*Good Wednesday morning. I'm off to a late start with my daily post, but as they sometimes say, "Better late than never." (I wonder if that's always true?) Today, we will begin looking at the prophets along with the kings of Israel. We have been looking solely at the monarchy, and how it came into being. If you remember from yesterday there are now two kingdoms (Israel has been divided). There is a king in the north and a king in the south. Samaria is the capital in the north, while Jerusalem is in the south. Now, from chapters 14-17 of I Kings there is a gauntlet of kings. One reign is followed by another. Each king either does "what was right in the eyes of the Lord," or "what was evil." Most of the kings did "what was evil in the eyes of the Lord."
"Then the word of the Lord came to Elijah; 'Leave here, turn eastward and hide in the Kerith Ravine, east of the Jordan. You will drink from the brook, and I have ordered the ravens to feed you there. The ravens brought him bread and meat in the morning and bread and meat in the evening, and he drank from the brook." (I Kings 17:2,4,6)
Here we are introduced to Elijah, one of the most important figures in the history of Israel. Elijah is a prophet. I want to spend some time explaining the role of a prophet in Old Testament times. Today, when we think of a prophet we think of one who foretells the future. (Or attempts to) Usually, they address end time events. Many of these modern day "prophets" have given particular dates as to when the Lord will return. As a result they have caused many to fork over thousands of dollars, and sometimes even their lives. That was not what an Old Testament prophet was all about.
Prophesy arose in Israel at the same time as the monarchy. Prophets interacted extensively with the kings of Israel/Judah. Sometimes the prophets supported the king, sometimes they did not. The basic function of biblical prophecy was to analyze political and social policies in light of Yahweh's demands of justice, loyalty and faith in him. Occasionally, they made predictions about the future course of events, but they never did it to demonstrate how insightful or divinely inspired they were. No, prophets stood in the breech between divine love and divine anger. A prophet is an intermediary who speaks to people for God and to God on behalf of the people.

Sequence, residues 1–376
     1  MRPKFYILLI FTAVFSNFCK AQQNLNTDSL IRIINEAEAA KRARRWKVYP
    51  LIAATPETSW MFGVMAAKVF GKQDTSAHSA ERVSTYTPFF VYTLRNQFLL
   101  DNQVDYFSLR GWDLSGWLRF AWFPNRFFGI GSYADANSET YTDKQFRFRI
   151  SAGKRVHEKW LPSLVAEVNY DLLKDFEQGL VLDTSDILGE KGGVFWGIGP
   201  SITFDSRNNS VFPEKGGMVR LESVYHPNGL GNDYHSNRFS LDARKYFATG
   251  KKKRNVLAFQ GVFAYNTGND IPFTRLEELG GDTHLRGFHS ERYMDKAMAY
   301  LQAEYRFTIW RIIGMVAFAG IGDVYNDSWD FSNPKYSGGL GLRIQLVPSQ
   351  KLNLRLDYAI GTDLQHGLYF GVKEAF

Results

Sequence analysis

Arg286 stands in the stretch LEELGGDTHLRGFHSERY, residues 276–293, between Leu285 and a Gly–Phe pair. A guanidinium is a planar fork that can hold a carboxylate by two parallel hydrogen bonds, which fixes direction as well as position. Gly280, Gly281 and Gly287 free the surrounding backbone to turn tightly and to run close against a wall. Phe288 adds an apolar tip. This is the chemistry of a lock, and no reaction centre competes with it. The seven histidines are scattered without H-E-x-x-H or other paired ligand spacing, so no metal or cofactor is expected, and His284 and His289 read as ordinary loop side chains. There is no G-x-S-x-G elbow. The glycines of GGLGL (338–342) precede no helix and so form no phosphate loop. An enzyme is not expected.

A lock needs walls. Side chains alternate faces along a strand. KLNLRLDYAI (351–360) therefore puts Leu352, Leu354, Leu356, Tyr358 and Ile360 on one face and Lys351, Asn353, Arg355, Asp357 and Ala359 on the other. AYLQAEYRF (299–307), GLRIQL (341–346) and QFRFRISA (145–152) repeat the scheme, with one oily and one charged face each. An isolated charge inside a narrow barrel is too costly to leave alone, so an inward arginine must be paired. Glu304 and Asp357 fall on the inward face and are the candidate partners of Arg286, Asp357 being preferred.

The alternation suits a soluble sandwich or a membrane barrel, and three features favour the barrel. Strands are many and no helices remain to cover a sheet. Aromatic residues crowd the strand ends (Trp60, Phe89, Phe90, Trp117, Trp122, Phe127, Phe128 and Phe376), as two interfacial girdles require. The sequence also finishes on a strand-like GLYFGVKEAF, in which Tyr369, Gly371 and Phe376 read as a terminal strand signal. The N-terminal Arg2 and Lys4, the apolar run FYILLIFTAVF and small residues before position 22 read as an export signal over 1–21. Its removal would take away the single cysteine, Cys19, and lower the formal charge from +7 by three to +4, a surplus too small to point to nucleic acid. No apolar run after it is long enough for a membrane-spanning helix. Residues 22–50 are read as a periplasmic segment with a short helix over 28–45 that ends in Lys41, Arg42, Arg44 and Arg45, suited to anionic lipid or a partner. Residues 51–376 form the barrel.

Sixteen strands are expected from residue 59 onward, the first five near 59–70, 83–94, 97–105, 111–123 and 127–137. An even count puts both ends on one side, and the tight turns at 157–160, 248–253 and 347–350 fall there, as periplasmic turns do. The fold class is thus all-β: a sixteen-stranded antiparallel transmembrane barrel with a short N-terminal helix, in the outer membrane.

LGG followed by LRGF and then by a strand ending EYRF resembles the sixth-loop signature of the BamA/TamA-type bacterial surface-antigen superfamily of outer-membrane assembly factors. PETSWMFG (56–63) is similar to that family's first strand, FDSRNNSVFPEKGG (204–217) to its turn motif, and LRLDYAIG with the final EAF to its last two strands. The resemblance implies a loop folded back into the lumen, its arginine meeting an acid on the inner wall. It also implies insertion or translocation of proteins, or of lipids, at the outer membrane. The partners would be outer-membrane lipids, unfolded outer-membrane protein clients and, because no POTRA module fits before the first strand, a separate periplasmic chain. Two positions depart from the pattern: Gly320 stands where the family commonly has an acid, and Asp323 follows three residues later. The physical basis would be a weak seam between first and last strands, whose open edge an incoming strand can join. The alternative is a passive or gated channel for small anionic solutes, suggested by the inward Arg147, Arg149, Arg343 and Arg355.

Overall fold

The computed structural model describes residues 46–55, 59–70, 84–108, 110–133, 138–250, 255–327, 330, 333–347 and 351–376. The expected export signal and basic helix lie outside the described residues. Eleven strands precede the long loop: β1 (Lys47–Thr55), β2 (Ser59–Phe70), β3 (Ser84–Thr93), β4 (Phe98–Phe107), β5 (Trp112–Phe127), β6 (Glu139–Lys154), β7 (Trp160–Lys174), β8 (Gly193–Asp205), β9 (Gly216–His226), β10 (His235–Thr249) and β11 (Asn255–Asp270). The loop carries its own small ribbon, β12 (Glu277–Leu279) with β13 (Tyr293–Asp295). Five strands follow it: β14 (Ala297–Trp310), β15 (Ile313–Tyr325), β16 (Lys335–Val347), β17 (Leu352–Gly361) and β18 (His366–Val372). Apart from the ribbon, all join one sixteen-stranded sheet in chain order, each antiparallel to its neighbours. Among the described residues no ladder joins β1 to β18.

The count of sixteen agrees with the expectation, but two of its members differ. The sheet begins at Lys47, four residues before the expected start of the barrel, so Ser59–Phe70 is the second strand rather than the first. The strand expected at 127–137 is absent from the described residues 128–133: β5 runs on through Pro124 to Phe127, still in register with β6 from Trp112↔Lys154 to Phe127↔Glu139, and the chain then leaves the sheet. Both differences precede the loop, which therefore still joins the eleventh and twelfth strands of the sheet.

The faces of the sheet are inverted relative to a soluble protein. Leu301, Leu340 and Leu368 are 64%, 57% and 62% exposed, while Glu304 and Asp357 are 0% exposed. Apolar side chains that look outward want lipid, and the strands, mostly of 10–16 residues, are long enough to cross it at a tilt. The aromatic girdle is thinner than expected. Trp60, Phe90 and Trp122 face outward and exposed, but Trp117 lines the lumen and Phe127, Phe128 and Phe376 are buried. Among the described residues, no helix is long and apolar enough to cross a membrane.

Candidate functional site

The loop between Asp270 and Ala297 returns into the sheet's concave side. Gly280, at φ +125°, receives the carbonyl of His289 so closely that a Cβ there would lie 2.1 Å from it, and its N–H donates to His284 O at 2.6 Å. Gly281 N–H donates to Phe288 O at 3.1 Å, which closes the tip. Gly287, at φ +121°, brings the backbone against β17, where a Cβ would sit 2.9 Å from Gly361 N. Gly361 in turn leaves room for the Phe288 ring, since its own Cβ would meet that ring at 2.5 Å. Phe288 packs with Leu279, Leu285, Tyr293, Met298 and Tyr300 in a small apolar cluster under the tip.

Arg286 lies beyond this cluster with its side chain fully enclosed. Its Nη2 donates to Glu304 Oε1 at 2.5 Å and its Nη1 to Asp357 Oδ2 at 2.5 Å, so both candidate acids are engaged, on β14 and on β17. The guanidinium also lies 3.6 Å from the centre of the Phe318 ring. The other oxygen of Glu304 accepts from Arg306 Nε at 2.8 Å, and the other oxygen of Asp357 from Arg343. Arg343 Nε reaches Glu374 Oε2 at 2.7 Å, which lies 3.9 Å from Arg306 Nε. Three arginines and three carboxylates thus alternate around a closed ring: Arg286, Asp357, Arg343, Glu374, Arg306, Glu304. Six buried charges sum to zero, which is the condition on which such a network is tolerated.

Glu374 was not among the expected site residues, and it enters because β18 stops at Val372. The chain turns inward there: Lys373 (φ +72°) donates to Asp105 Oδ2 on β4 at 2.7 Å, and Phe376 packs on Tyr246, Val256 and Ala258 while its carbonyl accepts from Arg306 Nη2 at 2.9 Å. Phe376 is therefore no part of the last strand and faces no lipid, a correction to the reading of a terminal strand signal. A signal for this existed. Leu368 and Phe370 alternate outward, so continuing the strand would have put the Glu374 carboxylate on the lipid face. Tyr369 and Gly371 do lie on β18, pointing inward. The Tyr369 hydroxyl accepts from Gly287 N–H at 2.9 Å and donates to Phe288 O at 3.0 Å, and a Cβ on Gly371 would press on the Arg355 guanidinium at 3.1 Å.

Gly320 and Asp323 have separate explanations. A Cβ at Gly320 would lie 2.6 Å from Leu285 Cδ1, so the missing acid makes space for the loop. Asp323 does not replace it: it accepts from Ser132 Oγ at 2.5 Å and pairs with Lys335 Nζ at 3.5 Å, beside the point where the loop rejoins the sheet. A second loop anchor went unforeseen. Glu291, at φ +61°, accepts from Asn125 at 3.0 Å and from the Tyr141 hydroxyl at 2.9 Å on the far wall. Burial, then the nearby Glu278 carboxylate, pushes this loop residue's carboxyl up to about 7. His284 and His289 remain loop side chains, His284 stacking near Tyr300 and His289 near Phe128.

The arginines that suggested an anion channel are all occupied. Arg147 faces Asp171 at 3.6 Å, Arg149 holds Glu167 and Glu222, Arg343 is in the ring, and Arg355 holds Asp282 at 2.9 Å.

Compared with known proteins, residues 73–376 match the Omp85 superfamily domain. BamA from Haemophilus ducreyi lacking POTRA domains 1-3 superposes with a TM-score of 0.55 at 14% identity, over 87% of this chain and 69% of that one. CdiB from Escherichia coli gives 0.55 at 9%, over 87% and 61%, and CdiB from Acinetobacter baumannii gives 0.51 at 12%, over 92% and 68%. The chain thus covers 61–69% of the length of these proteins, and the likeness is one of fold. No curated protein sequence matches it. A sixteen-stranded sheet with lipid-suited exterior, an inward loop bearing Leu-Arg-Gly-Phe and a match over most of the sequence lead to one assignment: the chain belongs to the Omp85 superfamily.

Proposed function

"In the thirty-eighth year of Asa king of Judah, Ahab son of Omri became the king of Israel...Ahab son of Omri did more evil in the eyes of the Lord than any of those before him. He not only considered it trivial to commit the sins of Jeroboam...,but he also married Jezebel daughter of Ethbaal king of the Sidonians, and began to serve Baal in the temple of Baal that he built in Samaria. Ahab also made an Asherah pole and did more to provoke the Lord, the God of Israel, to anger than did all the kings of Israel before him." (I Kings 16:29-33)
Well, there is a lot to say about all this. As you noticed I backtracked a little. (People who are used to my teaching will tell you that I do this all the time) O.K., The setting for the prophetic activity of Elijah is the reign of Ahab of Israel. What do we know about King Ahab? Well,, Comic singer Ray Stevens had a hit song about him: "Ahab the Arab." Oh, sorry! My attempt at a little humor today. (I do stress little) (Ray Stevens did have a song by that title) Seriously, Ahab not only worshipped Baal (the Canaanite storm god) he gave the Baal cult official status in Samaria. The Asherah was a sacred pole associated with this worship.
We also know that Arab was married to one of the most famous women in all the Bible: Jezebel. O.K., she is not necessarily famous for anything other than her name. But, everyone knows the name Jezebel. That I know of, there are two biblical names that are familiar to people, whether they know anything about the Bible or not, but are never given to new babies. They are Judas and Jezebel.
"After a long time, in the third year, the word of the Lord came to Elijah: 'Go and present yourself to Ahab, and I will send rain (there had been a drought) on the land. So Elijah went to present himself to Ahab." (I Kings 18:1-2)
Elijah has been given quite a task that is certainly not safe. In fact, we are told that "Jezebel was killing off the Lord's prophets. " (I Kings 18:4) He is venturing into treacherous territory. However, Ahab has a man named Obadiah who is in charge of his palace. Obadiah has been secretly hiding prophets in caves. Obadiah and Elijah meet one another and Elijah instructs Obadiah to tell Ahab that he has arrived. Well, this puts Obadiah at risk, because he knows that Ahab has been looking for Elijah for a while. Would Ahab suspect Obadiah had been hiding him. Nevertheless, Elijah declares, "As the Lord Almighty lives, whom I serve, I will surely present myself to Ahab today." (I Kings 18:15)
The name Elijah means "My God is Yahweh." From here on out it is Elijah verses the Israelite Dynasty. But, really it is Yahweh verses the Israelite Dynasty. Elijah insists on God (Yahweh) alone, while the Dynasty has made the worship of many gods the norm. In fact, Jezebel wanted to make the cult of Baal the official religion of Israel. Wow! Elijah is up against it!
Elijah is such an important figure in the history of Israel that his name is mentioned twenty-nine times in the New Testament. By comparison Jeremiah (another prophet) is only mentioned three times. In fact, when Jesus asks his disciples what people are saying about him the disciples respond by saying; "Well, some are saying that you are Elijah."
The stage is set for the initial confrontation between Elijah and Ahab. We will see what happens tomorrow and then look at the aftermath. Join me tomorrow. -Pastor Rick